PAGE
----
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Tech View
Kiman Wong

Here are more hi-tech
gadgets that would
make good gifts

This is Part II of Kiman Wong's annual holiday gift guide.

IF YOU'RE THINKING of purchasing something high tech for that special someone, I've got some ideas:

» Cell phone / PDA:

There's a rapid convergence going on with cell phones as they morph into phone/ e-mail/organizer devices. The Treo by Palm has taken the lead in this niche but the Blackberry 7100t is close behind with a very cool $200 (after rebate) device that distinguishes itself with a real e-mail keyboard. Unlike the Treo, it fits easily in a pocket and is 27 percent lighter, weighing just 4.3 ounces.

The 7100t is able to open e-mail attachments and Microsoft Office files but not pictures. It can also synchronize contact and calendar data with a PC using a USB cable.

Service plans begin at $59.99 per month, including 1,000 anytime voice minutes and unlimited Web browsing and e-mail.

» Audio player:

One of the coolest new audio players to hit the market is actually a redesign of the venerable iPod from Apple. Dubbed the iPod Mini, this 4GB device has won instant respect because of its heritage and its sleek, intelligent design. It can store about 74 hours worth of music and has the same graphical interface and sound specs as its big brother, the white iPod.

At $250, the iPod Mini is not inexpensive but it's sure a sweet gift.

» Digital photo printer:

Wouldn't it be nice to print digital images in the comfort of your own home? Consider getting a dedicated photo printer.

I began my search by looking at what was both available locally and highly rated by the computer magazines. The HP Photosmart 7960 prints great images and its built-in LCD lets you preview and edit your photo before printing. You can get one for about $135.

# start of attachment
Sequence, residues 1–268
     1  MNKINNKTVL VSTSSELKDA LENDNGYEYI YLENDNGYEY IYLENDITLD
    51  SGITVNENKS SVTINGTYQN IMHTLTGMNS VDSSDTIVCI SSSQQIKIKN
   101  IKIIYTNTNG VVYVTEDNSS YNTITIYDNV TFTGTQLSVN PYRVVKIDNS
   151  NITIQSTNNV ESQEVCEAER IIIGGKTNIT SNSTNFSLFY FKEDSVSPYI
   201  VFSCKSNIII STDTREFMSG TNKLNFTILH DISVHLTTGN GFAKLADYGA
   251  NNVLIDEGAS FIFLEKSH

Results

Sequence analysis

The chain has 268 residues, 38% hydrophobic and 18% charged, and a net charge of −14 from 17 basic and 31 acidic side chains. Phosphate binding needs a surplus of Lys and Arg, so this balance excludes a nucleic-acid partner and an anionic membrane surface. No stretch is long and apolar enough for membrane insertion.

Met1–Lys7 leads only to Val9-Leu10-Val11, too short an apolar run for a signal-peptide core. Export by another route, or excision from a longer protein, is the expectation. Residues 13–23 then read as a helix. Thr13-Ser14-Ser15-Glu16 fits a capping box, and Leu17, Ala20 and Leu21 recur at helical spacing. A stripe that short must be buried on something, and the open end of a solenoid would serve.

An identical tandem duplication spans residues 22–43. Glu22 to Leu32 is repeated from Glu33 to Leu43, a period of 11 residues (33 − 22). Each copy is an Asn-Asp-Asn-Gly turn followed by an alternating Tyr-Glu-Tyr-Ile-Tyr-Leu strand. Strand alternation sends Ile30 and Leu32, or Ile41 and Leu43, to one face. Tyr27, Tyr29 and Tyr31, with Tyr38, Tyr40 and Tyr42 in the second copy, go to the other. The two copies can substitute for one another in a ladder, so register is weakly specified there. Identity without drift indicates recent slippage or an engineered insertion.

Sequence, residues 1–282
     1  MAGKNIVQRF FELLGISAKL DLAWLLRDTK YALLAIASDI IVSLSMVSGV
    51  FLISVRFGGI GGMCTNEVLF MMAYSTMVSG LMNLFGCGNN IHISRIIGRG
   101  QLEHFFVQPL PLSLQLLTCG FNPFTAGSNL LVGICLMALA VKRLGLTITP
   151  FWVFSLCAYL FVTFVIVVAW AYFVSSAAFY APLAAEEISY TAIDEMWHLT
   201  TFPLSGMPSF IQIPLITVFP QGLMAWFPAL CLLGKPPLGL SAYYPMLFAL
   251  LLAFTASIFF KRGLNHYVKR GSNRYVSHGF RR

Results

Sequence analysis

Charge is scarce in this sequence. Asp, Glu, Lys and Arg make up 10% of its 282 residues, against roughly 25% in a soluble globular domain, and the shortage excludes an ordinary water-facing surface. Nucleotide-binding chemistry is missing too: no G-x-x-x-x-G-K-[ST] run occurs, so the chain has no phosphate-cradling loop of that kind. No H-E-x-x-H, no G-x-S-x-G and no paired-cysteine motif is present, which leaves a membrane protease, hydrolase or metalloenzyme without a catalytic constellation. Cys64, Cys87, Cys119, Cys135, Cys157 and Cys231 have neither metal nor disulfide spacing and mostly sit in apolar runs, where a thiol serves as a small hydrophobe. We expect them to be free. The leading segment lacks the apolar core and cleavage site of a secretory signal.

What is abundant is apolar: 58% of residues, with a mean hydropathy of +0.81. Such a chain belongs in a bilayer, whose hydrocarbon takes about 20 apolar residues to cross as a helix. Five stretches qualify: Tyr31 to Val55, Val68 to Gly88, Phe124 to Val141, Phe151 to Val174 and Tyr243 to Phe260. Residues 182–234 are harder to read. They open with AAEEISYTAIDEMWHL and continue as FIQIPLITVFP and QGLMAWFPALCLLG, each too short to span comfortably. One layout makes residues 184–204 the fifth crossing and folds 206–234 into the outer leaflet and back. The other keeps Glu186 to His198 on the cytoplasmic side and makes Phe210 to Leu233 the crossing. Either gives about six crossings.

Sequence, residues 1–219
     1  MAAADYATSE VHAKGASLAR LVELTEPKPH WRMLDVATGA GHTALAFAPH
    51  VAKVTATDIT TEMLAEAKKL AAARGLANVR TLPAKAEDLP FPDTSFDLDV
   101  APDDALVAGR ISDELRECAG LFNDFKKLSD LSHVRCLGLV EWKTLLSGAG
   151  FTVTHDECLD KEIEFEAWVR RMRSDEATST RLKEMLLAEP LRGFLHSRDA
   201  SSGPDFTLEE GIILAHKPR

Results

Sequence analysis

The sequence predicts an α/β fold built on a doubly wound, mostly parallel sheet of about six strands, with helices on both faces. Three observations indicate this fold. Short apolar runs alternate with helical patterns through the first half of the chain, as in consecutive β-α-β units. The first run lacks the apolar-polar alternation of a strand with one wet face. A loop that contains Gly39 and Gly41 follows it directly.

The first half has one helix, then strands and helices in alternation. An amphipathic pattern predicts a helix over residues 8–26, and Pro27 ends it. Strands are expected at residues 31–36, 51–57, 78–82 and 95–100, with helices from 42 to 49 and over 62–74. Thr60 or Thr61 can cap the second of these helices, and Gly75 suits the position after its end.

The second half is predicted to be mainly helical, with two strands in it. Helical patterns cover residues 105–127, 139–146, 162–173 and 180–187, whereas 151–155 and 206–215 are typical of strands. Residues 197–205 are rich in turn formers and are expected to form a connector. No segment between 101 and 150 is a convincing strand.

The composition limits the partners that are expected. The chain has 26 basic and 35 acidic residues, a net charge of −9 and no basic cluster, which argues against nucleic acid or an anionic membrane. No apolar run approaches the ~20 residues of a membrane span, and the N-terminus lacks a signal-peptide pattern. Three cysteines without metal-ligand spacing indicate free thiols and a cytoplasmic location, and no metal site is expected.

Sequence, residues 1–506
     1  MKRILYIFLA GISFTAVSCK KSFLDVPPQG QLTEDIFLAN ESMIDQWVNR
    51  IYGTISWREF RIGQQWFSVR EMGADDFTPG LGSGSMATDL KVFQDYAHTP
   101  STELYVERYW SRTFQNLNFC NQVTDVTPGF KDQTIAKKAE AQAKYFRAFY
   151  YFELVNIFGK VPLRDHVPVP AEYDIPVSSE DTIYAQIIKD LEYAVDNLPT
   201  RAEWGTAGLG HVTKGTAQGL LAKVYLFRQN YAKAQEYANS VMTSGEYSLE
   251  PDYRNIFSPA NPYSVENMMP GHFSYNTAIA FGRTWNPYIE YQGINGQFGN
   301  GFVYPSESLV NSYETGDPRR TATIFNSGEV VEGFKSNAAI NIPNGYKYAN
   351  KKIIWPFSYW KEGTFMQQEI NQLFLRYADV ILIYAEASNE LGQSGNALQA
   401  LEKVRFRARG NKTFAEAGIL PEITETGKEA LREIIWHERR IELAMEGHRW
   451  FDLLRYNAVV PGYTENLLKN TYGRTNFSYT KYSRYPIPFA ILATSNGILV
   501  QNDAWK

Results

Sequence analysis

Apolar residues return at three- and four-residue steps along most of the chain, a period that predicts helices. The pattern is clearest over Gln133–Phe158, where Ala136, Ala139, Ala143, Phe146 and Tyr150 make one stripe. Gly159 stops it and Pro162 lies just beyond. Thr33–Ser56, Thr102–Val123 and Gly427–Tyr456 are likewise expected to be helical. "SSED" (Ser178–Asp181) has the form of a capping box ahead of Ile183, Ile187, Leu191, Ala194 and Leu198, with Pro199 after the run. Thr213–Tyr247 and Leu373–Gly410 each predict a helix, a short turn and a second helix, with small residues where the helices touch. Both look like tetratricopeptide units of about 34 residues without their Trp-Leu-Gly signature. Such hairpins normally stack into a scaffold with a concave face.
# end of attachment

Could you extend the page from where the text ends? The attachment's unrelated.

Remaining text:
» More flat screens:

Last column I had a chance to look at the 19-inch NEC 1935 NXM, which at $629 was a real winner in the price/performance department.

The next day a box with a brand new Dell, 19-inch 1905 FP sat at my doorstep and I had to compare the two. The Dell (also $629) is configured slightly differently, with a built-in AC converter in the stand which makes it a bit heavier but aesthetically pleasing nonetheless. It also is very easy to set up. An auto adjust feature on the screen immediately sizes the image and I was able to easily tweak the color, brightness and contrast settings. The verdict: The Dell is excellent but I give the edge to the NEC.

» Antivirus software:

Antivirus software isn't the most exciting thing to buy, but everybody needs it and it's not expensive. The industry standard comes from Symantec, which now has worm protection and a new Quick Scan tool, which automatically searches for viruses after an update. Price is $50.

You also might check out Trend Micro PC-cillin Internet Security 2005 ($45), which CNET calls "the best Internet protection bundle on the market." Other popular anti-virus software is made by McAfee Virus Scan or Computer Associates (EZ Armor). Check out deals from your ISP.

Kiman Wong, general manager of digital phone at Oceanic Time Warner Cable, is an engineer by training and a computer geek by profession. Questions or comments should be addressed to kiman.wong@oceanic.com

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